The Tomb of Pope Alexander VII is a sculptural monument created and designed by the greatest sculptor of the 17th century, Gian Lorenzo Bernini. This masterpiece was commissioned by Alexander VII for St. Peter’s Basilica but ultimately placed in the south transept instead. The tomb consists of a statue of Alexander VII surrounded by figures of Prudence, Charity, Truth, and Justice.
Bernini intended to validate Alexander VII’s reputation and character in a final act of gratitude to a close friend and his most prominent benefactor. He made drawings and even crafted a small model of the entire tomb himself. The monument represents Bernini’s mastery over marble sculpture.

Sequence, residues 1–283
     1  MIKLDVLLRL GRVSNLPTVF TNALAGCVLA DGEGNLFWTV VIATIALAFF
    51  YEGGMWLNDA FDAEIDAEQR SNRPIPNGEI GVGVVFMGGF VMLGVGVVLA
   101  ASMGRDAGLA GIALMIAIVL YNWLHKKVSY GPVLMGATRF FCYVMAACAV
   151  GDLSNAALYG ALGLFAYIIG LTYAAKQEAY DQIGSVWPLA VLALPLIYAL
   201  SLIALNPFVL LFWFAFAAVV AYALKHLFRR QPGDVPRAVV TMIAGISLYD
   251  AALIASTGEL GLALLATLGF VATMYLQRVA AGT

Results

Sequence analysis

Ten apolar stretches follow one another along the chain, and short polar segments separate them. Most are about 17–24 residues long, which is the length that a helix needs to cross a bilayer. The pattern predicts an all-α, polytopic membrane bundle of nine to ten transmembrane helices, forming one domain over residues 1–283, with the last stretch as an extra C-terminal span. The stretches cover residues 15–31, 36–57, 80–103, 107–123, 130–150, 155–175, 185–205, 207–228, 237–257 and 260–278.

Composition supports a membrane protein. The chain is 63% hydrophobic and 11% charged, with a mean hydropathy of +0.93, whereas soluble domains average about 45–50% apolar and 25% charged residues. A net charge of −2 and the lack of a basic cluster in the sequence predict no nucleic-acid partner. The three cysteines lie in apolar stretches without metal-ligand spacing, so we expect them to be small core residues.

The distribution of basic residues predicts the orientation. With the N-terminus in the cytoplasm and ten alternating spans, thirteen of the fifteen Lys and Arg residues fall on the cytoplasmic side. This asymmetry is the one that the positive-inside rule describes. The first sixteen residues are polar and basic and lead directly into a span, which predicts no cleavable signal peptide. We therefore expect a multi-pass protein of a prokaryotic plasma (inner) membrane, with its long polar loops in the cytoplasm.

The elegant design displays Bernini’s technical ability in creating complex compositions with great skill and poise. As one looks at this piece, although it appears overwhelming at first glance, every aspect feels proportionate, balanced yet dynamic. It showcases Bernini as an architect rather than just a mere sculptor with how he incorporated different textures into his work such as drapery on clothing or feathers on wings that compelled your gaze around each inch equally.